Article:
Peter Sagar told the story of how the Northeast coalfield developed over the centuries and how the mine owners had developed into a cartel, who used the infamous bond system to tie miners down to one pit for a whole year as a way of ensuring that wages could be kept down. Peter then explained how it was this system that the miners were striking against and how, although they couldn't get rid of it in 1765, the strike did start the process whereby the bond system was removed in the 19th century. Peter also outlined the way that a radical identity developed in Northeast England over the 150 years after the Pitmen's Great Stand.
Peter then performed the song We Are Strong, specially written for the occasion, which can be found at the page of music and writing on this website.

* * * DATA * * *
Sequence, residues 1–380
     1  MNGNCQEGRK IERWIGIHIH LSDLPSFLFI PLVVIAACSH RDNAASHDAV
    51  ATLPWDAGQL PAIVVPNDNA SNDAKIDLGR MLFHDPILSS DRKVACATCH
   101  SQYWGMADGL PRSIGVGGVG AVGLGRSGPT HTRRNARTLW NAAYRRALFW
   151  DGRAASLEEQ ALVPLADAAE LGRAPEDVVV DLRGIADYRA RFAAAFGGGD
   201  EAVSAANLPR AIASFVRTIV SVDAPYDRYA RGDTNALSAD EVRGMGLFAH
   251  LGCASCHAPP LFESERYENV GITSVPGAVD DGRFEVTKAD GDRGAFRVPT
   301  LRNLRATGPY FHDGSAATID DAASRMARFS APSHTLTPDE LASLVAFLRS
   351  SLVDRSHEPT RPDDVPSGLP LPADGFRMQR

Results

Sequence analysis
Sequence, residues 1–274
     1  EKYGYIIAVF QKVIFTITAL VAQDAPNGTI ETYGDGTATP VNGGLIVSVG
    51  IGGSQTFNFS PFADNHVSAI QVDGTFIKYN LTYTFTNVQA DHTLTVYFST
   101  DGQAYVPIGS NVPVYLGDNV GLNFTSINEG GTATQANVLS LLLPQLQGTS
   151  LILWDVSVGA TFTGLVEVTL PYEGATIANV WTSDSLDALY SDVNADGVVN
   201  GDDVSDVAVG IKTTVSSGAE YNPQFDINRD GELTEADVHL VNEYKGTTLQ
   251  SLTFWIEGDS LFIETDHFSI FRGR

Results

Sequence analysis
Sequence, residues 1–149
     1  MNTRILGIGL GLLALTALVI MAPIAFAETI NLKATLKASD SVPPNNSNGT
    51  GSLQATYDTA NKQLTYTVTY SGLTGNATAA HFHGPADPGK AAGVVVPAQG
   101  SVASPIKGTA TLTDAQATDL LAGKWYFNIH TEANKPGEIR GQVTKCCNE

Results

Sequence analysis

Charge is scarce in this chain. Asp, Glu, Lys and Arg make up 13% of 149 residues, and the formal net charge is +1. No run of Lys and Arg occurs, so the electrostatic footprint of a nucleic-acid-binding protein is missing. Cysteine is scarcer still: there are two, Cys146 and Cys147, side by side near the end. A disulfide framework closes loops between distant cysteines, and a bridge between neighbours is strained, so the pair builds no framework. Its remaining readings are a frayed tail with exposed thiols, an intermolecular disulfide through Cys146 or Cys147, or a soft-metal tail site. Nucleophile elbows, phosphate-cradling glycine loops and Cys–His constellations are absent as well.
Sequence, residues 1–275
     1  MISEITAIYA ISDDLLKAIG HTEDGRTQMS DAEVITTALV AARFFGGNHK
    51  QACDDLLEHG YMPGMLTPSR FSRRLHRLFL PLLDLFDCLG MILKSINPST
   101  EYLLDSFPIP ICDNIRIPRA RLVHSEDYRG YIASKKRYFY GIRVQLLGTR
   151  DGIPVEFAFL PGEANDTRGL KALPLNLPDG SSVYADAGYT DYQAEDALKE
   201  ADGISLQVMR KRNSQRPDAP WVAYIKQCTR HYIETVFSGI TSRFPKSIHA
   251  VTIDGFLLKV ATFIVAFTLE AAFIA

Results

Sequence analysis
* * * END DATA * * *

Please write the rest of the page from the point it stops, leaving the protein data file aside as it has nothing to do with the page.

David Hopper, secretary of the Durham Miners' Association then spoke forcefully of the challenges facing ordinary working people, especially young people today. In a well-received speech David spoke of his fears and remembered miner's struggles of the last 35 years.
The final speaker was Shane Enright, Trade Union Campaign Manager from Amnesty International UK. Shane skilfully linked the struggle of the miners in Northeast England 250 years ago with struggles of trade unionists across the world today, including a moving section about the teachers' union in Bahrain.
The speeches were followed by food and a great performance by the Smokin' Spitfires, which got many people up and dancing. Their performance began with a short, poignant snatch of Gresford, the miners' hymn, written in the 1930's by Jarrow pitman Robert Saint.
Everybody seemed to have a great time and it was a great start to the weekend!